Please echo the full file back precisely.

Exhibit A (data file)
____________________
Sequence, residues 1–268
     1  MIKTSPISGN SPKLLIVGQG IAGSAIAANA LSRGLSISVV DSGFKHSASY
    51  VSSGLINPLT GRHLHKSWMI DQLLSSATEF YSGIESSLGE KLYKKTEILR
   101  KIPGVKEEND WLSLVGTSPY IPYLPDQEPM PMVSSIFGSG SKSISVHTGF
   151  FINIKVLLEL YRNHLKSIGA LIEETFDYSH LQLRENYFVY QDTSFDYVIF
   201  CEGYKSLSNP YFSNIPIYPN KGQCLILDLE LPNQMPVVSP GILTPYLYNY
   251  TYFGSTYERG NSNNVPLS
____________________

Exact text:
Sequence, residues 1–268
     1  MIKTSPISGN SPKLLIVGQG IAGSAIAANA LSRGLSISVV DSGFKHSASY
    51  VSSGLINPLT GRHLHKSWMI DQLLSSATEF YSGIESSLGE KLYKKTEILR
   101  KIPGVKEEND WLSLVGTSPY IPYLPDQEPM PMVSSIFGSG SKSISVHTGF
   151  FINIKVLLEL YRNHLKSIGA LIEETFDYSH LQLRENYFVY QDTSFDYVIF
   201  CEGYKSLSNP YFSNIPIYPN KGQCLILDLE LPNQMPVVSP GILTPYLYNY
   251  TYFGSTYERG NSNNVPLS